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Sudan June crackdown killed 241 people: rights group

Sudanese security forces deliberately killed 241 people in a crackdown on a pro-democracy protesters in June, an international rights group said Thursday.

It was the deadliest episode of a months-long protest movement that kicked off in late 2018 and led to the ouster of veteran president Omar al-Bashir in April 2019 and to civilian rule later that year.

Thousands of Sudanese protesters had camped outside the army headquarters in Khartoum demanding Bashir’s ouster and kept up their sit-in even after his departure to protest against military rule.

On June 3, armed men in military fatigues moved in on the protest camp and dispersed thousands of demonstrators.

In the ensuing days-long crackdown, scores were killed and wounded.

Doctors linked to the protest movement have said at least 128 people were killed in the violence. Authorities gave a lower death toll of 87 and denied ordering the sit-in dispersal.

But in a scathing report titled “Chaos and Fire”, the US-based NGO Physicians for Human Rights (PHR) said the crackdown was a “massacre” that claimed 241 lives.

“Sudanese security forces launched a series of planned, violent attacks against pro-democracy protesters that killed up to 241 people and injured hundreds more,” the report released Thursday said.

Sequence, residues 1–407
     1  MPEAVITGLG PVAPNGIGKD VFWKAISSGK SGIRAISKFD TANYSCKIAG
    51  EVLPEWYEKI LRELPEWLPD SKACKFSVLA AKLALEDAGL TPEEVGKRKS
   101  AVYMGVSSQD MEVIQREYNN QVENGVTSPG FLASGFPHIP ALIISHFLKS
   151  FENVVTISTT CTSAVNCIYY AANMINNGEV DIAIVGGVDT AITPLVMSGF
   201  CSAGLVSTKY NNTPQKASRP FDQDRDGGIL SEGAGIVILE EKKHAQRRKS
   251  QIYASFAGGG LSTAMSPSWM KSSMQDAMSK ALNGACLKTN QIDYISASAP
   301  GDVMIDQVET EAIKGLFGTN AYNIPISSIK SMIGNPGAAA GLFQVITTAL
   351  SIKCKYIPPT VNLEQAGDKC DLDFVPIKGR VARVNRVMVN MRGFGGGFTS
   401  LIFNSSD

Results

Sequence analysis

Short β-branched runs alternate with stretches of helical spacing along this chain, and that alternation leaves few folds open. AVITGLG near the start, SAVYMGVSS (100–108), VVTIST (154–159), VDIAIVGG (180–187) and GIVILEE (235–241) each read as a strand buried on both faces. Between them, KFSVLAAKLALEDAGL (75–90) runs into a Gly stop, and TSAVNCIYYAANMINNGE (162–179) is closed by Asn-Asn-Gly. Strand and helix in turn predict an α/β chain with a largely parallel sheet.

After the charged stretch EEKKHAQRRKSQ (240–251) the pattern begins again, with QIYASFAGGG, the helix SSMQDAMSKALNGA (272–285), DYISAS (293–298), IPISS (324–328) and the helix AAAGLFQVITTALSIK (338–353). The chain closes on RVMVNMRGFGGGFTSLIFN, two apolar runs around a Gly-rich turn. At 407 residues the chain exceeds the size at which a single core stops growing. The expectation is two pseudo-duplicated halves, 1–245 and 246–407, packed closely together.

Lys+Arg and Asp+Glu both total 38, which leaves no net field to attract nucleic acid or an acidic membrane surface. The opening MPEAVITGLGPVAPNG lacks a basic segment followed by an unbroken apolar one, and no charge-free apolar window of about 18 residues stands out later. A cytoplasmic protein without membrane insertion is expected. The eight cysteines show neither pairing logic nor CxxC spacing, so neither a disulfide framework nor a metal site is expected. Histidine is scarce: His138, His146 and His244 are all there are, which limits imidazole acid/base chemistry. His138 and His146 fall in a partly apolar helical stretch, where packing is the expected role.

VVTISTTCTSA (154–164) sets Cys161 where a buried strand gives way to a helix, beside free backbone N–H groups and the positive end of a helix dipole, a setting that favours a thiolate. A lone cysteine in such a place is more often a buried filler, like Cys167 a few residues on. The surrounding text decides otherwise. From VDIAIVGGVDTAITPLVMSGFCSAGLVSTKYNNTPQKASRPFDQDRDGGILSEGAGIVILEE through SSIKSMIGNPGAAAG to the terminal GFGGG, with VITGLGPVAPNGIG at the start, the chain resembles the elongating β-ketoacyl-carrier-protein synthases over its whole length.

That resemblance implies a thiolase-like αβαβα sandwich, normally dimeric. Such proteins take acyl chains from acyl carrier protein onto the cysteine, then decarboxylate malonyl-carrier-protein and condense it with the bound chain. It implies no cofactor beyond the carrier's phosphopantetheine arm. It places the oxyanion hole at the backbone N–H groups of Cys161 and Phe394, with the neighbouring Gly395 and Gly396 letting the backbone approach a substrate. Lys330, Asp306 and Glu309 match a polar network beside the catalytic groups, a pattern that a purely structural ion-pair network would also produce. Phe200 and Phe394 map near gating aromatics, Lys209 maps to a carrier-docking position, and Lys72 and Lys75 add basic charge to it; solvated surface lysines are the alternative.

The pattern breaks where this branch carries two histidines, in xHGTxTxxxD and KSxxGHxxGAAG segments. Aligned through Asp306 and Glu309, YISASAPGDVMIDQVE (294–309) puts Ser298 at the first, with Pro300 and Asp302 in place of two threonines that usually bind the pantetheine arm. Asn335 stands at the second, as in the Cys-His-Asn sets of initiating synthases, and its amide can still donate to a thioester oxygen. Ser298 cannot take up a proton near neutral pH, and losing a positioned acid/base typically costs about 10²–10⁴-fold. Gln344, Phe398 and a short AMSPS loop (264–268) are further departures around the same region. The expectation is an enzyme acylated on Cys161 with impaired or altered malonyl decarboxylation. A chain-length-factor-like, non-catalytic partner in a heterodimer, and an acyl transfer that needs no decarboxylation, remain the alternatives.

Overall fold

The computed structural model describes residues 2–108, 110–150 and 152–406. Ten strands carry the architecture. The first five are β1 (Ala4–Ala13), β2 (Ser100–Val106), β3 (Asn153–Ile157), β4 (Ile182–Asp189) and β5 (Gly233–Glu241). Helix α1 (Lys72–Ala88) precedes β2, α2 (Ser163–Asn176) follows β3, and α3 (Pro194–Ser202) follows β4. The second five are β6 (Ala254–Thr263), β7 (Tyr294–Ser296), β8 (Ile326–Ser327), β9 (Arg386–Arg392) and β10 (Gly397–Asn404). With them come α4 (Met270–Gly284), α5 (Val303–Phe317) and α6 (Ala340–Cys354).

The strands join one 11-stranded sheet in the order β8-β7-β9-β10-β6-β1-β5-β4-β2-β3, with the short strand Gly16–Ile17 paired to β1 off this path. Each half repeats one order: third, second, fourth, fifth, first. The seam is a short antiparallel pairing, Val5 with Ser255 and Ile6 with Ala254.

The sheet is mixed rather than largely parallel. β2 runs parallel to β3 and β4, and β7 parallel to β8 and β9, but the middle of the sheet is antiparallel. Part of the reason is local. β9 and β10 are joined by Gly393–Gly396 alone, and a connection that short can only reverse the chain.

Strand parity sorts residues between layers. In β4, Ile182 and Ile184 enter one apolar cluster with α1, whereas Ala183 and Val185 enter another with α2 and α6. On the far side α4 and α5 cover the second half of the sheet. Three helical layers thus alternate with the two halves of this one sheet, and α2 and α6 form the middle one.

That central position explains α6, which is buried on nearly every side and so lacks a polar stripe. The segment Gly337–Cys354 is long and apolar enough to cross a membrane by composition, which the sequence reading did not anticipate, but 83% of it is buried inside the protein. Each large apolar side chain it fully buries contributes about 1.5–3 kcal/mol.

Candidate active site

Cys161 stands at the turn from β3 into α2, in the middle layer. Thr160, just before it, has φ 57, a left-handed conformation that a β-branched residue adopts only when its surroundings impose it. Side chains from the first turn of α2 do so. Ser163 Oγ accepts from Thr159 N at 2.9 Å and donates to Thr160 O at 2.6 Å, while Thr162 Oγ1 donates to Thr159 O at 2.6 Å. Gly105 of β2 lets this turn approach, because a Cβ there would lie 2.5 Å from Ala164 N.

The group said its findings were based on multiple witness testimonies, consultations with health workers and analysis of thousands of online footage and images of the dispersal.

“Sudanese security forces were responsible for perpetrating unconscionable acts of violence against pro-democracy demonstrators,” said the report.

Those acts included “extrajudicial killings and torture, excessive use of force, sexual and gender-based violence, and the forced disappearance of detained protesters,” it added.

Phelim Kine, PHR’s research and investigation director, called the dispersal “an egregious violation of human rights”.

PHR called on UN member states to sanction Sudanese officials responsible for the violence.

In August, Sudan’s military leaders and others from the protest movement leaders formed a civilian-majority body to rule the country for a transitional period of three years.

The new authorities set up in October an independent commission to investigate the events of June 3. The team has yet to release its findings.



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